no MySQL or MariaDB in the "best" "databases and analytics tools" ; are they too famous to deserve a mention?
    • I was also thinking of Postgre, and MongoDB? Not flashy stuff, but these two can carry the load.

      Eclipse didn't receive any mention, strange. Yet I've encountered few who didn't know how to use it.

      As for Machine Learning? Not a single one was used for learning to interface to people. Maybe some more learning needs to happen there.
  • bah! (Score:4, Insightful)

    by Anonymous Coward on Saturday September 30, 2017 @07:27PM (#55285579)

    No love for g++?





    I use those things infinitely more than I'm ever going to use 'Rust' or 'Visual Studio Code'.

    • Re: (Score:2, Funny)

      by Anonymous Coward

      It's like they kicked us right in the listicles by omitting our favorite programs.

      p.s. haha. Slashdot knows what's up. Captcha: naughty

  • by Snotnose ( 212196 ) on Saturday September 30, 2017 @08:11PM (#55285725)
    Slideshows need to die, just like the blink tag of myspace needed to die. Slideshow? Close that tab and move on. Oh, you can be deslided? Someone else will do it. Somewhere on the page I can "display full article"? Not gonna look for it.

    Slideshows need to FOAD ASAP.
  • ... that we would be warned when being directed to a slideshow.
  • I re-built a known-to-work project and it failed when I tested the new build (where the program written in Go was maybe one thousandth of the total code size.) A few hours of debugging later I found that the Go developers had made a "breaking" change in the SSL client code a few weeks earlier.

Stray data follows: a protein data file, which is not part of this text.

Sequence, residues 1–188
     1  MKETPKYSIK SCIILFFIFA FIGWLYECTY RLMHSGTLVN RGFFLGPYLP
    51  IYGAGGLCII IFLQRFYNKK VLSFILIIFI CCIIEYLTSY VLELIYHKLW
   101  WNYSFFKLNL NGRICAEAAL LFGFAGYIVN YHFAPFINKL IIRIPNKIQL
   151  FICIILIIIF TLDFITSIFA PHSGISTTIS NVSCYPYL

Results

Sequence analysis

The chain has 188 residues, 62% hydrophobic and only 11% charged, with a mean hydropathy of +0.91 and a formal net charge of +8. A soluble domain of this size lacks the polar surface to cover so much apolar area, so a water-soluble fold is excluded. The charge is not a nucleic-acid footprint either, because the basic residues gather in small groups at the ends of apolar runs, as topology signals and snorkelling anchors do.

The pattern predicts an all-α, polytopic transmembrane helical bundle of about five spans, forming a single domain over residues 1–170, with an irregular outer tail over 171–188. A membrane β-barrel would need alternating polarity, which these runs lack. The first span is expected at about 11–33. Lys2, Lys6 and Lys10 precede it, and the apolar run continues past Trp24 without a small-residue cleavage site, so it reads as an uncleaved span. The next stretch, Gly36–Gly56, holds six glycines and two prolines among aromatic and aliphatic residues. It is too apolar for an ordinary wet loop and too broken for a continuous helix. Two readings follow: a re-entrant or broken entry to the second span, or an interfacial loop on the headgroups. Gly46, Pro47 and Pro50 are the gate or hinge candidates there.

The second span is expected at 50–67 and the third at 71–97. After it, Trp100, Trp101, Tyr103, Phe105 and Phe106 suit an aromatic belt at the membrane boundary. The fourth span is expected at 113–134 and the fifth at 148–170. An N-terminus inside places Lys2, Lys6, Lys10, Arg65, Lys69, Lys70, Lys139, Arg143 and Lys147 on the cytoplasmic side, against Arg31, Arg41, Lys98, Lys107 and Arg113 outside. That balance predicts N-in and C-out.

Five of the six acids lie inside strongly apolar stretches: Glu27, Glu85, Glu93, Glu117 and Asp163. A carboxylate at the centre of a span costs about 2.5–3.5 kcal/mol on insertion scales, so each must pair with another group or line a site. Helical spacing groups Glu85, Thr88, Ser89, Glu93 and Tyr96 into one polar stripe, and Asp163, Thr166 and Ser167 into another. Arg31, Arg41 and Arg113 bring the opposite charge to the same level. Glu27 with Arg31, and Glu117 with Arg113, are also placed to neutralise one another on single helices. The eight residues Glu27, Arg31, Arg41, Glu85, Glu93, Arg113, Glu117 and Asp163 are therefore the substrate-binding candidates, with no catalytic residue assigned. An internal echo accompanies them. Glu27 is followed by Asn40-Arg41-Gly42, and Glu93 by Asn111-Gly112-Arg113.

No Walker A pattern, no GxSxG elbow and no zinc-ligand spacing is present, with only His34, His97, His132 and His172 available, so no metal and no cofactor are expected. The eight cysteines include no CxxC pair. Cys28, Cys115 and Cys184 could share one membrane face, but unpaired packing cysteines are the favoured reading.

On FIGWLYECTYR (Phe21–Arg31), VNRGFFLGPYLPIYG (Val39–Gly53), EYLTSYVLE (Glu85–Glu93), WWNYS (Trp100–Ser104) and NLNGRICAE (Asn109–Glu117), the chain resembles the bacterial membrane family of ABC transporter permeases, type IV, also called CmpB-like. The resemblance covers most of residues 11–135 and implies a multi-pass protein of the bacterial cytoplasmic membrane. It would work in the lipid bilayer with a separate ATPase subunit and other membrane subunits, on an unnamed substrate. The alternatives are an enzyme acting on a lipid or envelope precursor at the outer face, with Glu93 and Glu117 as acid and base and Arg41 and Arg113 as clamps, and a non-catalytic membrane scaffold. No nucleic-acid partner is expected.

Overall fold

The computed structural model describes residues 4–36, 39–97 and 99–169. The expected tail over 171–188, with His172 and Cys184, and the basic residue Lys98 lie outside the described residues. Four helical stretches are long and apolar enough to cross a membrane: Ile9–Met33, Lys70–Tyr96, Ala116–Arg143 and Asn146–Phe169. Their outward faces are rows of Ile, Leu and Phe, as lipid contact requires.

• That's more a tooling/ecosystem problem than a language issue. But frustrating all the same.

      It's a bit surprising that a language with such a gleefully anti-democratic core team hasn't been able to settle on a package management solution yet.

    • This is a _very_ common problem for systems that re-invent versioning for their projects, especially when they ignore the very robust GNU numbering scheme. That major.minor.trivial numbering scheme 's described well at [].

      It's been a large problem with older tools as well, and it is why industrial operating systems do _not_ upgrade core components to major new releases. It's been devastating to projects that say "just build the code when you need it", because components in the

  • So where is x264, which encodes most of the video you watch? x264 powers YouTube, Netflix, Facebook, Amazon, Hulu, most cloud video services, and more commercial/broadcast video encoder systems than any other encoder library. Where is x265? FFMPEG? LibAV? Gstreamer? VLC? Open source dominates video and audio processing. As far as image processing... where is GIMP? GEGL? OpenCV?

I go on working for the same reason a hen goes on laying eggs. -- H.L. Mencken